After a lazy morning mostly spent on the net sending blog entries and pictures to Nuno (he is the webmaster of our blog while he's still in Geneva, then we'll both be working on it during the rest of our travels), I came back to the flat and bumped into Matt, an English guy who is staying in a neighboring casa but likes to have breakfast in our casa as it's a big nice meal (I had already opted out from this choice after the 3rd day, as although a lot of food, the cost is 5 CUC, and for this you can get enough food in the market for all the day's meal).
Matt suggested I come with him for his salsa class as it is in a private place where you need to be introduced to be let in. At 10 CUC per hour, I thought it a bit expensive (considering that my one-to-one Spanish classes cost 5 CUC per hour), but I figured that I would give it a try.
And luckily I did. Although they hadn't known I would be there, and each student has a private teacher, the quickly managed to find a teacher for me so that I could join in with the others a mere 10 minutes late.
Really cool class. In just one hour, I felt like a progressed from having no clue, to actually being able to dance, albeit under the lead of an expert. And it was so worth the 10 CUC! I agreed to come back on Monday for my next class and am planning to take classes that whole week – so hopefully at the end I will be dancing like a queen ;)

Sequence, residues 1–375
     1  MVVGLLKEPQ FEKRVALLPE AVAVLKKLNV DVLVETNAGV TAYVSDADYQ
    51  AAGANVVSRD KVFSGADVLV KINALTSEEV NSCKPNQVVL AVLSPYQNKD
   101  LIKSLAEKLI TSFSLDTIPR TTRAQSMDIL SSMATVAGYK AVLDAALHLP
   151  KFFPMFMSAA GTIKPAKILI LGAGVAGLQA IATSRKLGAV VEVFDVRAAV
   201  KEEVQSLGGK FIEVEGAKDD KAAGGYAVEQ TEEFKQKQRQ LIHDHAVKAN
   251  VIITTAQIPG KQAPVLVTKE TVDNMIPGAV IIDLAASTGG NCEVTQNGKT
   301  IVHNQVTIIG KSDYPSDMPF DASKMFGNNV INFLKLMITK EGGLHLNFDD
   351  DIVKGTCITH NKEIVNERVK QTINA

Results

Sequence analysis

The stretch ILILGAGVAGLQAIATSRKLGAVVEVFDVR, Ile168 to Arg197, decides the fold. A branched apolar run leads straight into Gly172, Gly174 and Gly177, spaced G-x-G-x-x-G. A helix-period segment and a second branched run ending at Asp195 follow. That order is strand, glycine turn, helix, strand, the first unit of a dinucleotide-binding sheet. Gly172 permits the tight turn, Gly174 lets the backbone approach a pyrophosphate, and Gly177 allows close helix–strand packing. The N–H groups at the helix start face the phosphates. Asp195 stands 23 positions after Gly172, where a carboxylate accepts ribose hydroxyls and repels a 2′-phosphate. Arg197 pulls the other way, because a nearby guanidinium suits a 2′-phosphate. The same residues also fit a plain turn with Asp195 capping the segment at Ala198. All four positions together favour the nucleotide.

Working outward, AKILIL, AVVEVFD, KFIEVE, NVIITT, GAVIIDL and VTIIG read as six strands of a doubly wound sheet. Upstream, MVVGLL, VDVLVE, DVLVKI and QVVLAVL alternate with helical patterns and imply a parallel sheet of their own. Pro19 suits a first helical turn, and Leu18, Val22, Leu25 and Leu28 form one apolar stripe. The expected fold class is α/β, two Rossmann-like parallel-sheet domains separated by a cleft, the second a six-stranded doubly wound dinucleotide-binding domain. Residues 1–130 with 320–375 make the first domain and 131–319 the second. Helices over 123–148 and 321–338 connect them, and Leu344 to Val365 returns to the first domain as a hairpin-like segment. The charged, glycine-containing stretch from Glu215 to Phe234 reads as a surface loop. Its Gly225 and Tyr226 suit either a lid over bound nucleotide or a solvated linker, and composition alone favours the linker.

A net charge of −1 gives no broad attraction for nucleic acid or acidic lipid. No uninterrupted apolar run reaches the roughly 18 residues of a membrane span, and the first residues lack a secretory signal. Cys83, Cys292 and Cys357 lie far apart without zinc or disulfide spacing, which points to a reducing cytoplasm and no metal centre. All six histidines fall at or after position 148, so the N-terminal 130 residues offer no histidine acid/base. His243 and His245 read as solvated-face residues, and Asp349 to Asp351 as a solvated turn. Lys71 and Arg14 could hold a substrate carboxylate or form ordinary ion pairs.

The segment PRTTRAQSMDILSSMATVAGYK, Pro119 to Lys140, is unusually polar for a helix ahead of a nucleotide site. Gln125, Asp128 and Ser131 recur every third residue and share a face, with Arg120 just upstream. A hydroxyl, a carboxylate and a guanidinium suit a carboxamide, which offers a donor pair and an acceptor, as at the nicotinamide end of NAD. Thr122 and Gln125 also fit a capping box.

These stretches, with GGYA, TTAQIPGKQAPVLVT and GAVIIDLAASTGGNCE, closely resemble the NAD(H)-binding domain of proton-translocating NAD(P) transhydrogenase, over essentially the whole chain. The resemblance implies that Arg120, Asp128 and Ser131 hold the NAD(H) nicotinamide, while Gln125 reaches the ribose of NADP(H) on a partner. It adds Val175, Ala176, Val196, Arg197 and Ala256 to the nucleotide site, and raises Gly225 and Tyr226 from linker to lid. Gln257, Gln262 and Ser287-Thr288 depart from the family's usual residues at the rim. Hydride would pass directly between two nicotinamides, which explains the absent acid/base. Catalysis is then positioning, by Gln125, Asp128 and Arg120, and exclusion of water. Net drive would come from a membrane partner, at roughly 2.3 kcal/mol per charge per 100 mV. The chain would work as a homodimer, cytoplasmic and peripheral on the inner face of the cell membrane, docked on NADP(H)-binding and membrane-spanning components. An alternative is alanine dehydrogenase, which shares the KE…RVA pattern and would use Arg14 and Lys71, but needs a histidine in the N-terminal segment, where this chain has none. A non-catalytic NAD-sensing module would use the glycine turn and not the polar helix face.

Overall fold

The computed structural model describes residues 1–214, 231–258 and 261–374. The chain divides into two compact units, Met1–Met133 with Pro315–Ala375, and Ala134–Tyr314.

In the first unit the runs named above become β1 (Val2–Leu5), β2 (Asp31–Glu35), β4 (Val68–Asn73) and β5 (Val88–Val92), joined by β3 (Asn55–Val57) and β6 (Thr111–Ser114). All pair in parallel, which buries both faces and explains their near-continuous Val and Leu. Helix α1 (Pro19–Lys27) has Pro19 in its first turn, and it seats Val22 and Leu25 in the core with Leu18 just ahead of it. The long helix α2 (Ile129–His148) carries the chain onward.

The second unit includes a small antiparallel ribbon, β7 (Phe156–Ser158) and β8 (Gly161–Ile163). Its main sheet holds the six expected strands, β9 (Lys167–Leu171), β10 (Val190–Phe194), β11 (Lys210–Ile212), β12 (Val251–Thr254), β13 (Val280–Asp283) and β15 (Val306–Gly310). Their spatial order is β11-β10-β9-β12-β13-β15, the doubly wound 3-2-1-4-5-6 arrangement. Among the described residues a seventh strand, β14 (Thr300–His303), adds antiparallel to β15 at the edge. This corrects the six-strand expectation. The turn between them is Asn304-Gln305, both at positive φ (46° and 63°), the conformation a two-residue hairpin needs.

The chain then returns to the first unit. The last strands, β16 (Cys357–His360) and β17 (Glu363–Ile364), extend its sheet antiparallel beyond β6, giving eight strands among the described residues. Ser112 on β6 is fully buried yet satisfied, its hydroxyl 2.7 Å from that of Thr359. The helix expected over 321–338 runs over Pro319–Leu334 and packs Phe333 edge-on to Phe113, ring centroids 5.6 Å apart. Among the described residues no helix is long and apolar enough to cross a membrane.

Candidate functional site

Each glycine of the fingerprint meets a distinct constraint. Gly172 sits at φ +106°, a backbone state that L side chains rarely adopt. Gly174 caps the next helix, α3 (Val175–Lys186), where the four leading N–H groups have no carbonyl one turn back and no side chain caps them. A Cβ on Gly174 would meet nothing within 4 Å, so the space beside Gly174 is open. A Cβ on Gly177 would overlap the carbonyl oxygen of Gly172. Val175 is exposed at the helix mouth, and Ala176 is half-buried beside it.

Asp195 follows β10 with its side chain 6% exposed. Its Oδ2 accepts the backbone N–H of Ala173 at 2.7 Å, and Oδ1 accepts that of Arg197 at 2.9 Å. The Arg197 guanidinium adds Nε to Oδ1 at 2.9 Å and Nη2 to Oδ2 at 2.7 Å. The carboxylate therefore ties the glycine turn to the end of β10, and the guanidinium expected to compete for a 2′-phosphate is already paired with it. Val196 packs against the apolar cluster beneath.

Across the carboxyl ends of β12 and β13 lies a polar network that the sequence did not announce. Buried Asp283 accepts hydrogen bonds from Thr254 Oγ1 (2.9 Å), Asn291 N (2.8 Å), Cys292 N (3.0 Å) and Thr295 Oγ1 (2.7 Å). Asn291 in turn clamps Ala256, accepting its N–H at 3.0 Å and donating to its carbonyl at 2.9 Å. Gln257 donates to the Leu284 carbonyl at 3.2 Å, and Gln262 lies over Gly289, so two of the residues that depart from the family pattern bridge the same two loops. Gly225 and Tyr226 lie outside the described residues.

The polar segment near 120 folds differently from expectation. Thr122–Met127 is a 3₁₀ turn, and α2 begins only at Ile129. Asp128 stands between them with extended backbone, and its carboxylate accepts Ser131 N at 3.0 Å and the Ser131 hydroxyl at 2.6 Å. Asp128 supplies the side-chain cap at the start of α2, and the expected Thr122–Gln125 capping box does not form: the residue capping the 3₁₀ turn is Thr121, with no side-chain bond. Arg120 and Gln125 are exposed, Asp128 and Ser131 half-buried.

So, can I now tick off one of my 99 experiences – the one about dancing with a Cuban salsero? Well, I'm not sure that paying for classes qualifies. So that's why in the evening, I danced with about 5 different Habaneros at a outdoor party down by the sea in the middle of the 3-lined street that had been closed off for traffic. At least one of these was a real good dancer, although I quickly realised that although the Cuban salsa class of the same morning reminds me of the salsa I've seen danced in Europe, it was nothing like the salsa danced in the streets!
Also danced to some reggatone, and drank rum directly out of the bottle, swaying my hips in my small Havana style shorts – so perhaps I'm starting to melt in. At least as much as a blond, blue-eyed, tall gal from the north could ever do.
A great day all together, where the only touristy thing I did was to check out the University. The rest of the day was calm, with an hour of salsa, a peso lunch of pizza and beer in the shade, two hours of Spanish, and a night spend drinking rum and dancing the night away on the Malcón.
Oh, and the night finished with another downpour. But this time we managed to seek cover in time.